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Tanja Masson-Zwaan: 'Space race between US and China requires international agreements'

Various countries are planning new missions to the Moon. Not just for prestige and science, but also to extract raw materials.

Tanja Masson-Zwaan

The presence of water on the Moon was demonstrated for the first time in 2008 by the Indian Chandrayaan-1 mission. It observed substantial amounts of water ice deep in the Shackleton crater on the south pole of the Moon. Later, NASA established the presence of water on more easily accessible placed on both the north and south pole of the Moon. Tanja Masson-Zwaan, Assistant Professor in Air and Space Law, calls this development 'a gamechanger' in an article in Dutch newspaper Trouw. 'Every kilogram of fuel and other material that is taken up to space from Earth costs thousands of dollars. Local raw materials would give enormous cost reductions.'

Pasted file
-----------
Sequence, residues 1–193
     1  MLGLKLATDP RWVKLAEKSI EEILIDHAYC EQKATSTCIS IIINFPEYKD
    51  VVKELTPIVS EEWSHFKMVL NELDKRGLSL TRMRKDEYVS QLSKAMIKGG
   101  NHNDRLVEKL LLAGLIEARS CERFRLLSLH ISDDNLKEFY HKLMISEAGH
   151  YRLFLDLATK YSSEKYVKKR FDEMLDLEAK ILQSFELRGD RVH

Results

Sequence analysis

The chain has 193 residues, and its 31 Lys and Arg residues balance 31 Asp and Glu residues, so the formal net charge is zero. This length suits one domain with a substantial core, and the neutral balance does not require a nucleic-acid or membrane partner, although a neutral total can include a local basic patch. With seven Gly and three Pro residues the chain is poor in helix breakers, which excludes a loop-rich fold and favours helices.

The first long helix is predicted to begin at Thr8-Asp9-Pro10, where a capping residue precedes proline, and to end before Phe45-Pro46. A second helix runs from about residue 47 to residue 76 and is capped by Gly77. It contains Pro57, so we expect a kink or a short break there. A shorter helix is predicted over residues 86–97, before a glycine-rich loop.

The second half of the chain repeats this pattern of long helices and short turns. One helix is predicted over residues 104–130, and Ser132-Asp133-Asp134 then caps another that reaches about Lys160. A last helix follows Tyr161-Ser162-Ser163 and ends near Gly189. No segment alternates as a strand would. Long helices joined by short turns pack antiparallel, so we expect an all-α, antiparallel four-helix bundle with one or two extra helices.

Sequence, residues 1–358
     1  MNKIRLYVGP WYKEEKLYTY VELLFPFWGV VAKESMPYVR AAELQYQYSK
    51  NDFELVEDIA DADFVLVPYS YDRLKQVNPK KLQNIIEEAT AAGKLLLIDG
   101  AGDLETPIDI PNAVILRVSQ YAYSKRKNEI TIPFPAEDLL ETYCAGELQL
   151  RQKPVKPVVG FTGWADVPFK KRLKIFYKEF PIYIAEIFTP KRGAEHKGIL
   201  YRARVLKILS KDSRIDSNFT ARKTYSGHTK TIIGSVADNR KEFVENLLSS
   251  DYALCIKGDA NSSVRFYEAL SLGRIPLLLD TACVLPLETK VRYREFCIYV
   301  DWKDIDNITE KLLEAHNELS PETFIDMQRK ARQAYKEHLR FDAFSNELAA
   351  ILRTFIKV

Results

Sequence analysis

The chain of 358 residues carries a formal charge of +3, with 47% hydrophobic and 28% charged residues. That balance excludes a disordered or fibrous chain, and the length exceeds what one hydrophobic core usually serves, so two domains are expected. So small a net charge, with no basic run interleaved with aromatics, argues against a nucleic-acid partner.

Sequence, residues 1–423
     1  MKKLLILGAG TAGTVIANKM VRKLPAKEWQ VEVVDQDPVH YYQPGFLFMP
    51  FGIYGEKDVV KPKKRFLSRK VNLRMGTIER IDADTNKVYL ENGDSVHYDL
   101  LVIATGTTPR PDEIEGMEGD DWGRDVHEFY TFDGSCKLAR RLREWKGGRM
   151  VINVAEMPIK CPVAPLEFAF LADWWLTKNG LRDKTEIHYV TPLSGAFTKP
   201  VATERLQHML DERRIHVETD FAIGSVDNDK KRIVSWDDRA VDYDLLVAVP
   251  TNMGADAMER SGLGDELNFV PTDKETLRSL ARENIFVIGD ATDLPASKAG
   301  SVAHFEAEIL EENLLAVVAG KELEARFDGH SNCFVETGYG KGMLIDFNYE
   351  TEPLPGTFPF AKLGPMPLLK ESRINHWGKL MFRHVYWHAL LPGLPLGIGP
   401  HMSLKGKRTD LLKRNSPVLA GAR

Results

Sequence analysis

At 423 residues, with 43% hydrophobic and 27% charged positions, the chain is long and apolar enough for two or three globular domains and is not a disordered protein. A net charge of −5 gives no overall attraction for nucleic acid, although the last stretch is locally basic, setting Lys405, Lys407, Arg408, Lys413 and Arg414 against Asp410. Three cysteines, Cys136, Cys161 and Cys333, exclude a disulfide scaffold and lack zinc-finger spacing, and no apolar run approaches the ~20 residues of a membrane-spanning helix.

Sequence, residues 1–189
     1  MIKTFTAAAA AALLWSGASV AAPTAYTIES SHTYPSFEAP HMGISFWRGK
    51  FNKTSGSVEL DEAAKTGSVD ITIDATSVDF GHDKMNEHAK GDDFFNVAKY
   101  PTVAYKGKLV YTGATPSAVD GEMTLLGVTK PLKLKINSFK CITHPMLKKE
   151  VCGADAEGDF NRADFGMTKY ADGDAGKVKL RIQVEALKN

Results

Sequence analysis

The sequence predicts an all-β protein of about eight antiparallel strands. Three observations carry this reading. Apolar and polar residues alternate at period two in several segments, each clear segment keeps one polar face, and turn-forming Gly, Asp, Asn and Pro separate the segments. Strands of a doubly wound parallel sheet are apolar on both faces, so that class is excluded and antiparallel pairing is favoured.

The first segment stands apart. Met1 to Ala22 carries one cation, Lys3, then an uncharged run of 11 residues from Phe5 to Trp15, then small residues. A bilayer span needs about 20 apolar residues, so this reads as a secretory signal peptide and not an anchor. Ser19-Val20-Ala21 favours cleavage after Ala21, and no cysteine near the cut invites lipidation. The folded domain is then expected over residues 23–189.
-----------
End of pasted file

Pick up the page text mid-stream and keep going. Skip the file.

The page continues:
More and more initiatives for international agreements about space are emerging, Masson-Zwaan observes. 'Countries cooperating in the Artemis programme are already being asked to sign the Artemis Accords. This is a series of principles about how to collaborate on and around the Moon. Simultaneously, a set of principles is also being worked on as part of the Chinese-Russian collaboration. The agreements in both groups are similar, and could ultimately lead to international legislation’.

Masson-Zwaan is concerned that in the field of space exploration, two groups are increasingly evident: one led by the US and one led by China, that is building on knowledge and experience of Russia. 'America is not legally allowed to cooperate with China on applications that can have both civil and military purposes. Space travel is part of that. So this creates a sort of enforced race, though they could achieve far more by working together. That makes good agreements even more important, because ultimately they will be standing on the Moon together.'

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